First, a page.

Cuba dissident leader expects to survive referendum vote

havana-live-berta-solerHAVANA,12 Mar. (AP) — The head of the Cuban dissident group the Ladies in White was poised to survive a referendum on her leadership Wednesday following an internal dispute that sparked demands for her resignation.

With more than half of the ballots counted, Berta Soler said she had won support from 108 members, enough to keep her position. The ballots counted came from seven cities outside of the capital, Soler said. Votes still were pending from 103 members in Havana, Pinar del Rio and Ciego de Avila, but nearly all would have to vote against Soler to oust her.
Of the ballots already tallied, nine were against Soler and five were counted as blank or abstaining. “This is very important for me,” Soler said of Wednesday’s vote.

“There are many people asking for my resignation, and this is a democratic way of ratifying my position and deciding whether I can continue as the representative of the Ladies in White.”
The Ladies in White formed following a 2003 crackdown on Cuban dissenters, with the wives and mothers of 75 jailed activists staging weekly marches along a Havana boulevard clad in white and carrying gladiolas to press for their loved ones’ release.

While the original activists later were freed and most of the founders have left the group, the Ladies have picked up new members who continue to protest to demand democratic reform and freedom for other inmates they consider political prisoners. Soler came under question after a video surfaced of Ladies at a December meeting shouting down Alejandrina Garcia, a prominent member who had criticized her leadership.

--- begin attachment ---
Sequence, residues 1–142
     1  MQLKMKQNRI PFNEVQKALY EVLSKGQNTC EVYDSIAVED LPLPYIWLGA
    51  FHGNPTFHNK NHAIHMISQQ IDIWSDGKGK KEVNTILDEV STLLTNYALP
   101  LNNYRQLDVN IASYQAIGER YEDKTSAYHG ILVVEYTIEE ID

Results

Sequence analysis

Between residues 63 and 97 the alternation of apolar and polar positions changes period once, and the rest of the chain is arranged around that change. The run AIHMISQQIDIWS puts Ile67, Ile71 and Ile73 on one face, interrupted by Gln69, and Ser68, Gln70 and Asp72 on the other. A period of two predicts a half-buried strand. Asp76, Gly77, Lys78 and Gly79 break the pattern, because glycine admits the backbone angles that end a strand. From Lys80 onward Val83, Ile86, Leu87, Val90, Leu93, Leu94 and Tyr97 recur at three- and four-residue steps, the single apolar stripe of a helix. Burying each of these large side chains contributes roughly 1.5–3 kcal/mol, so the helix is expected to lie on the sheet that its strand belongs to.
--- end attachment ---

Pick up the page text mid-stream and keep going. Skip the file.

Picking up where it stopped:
“Down with traitors!” ”She should leave!” and “We don’t want to hear her!” they yelled. The scene resembled the so-called acts of repudiation in which crowds of pro-government counter-protesters gather to hurl epithets at the Ladies in White during their marches. Members living overseas urged Soler to step down.
Last month, she agreed to allow members living on the island to decide the matter in a referendum. Garcia said Wednesday she still considers herself a member of the Ladies, but has not participated in any of its actions since the confrontation.

She accused Soler of expelling members without justification and violating group rules. “I don’t agree with what Berta is doing. The direction of the movement has gotten lost,” Garcia said.
“It has become something that’s much more about politics than human rights.” Cuba officially considers dissidents to be traitors bent on undermining the communist-run government at the behest of foreign interests.

The group was honored by the European Union in 2005, receiving its highest human rights prize, the Sakharov. Laura Pollan, the group’s founder and longtime leader, died in 2011.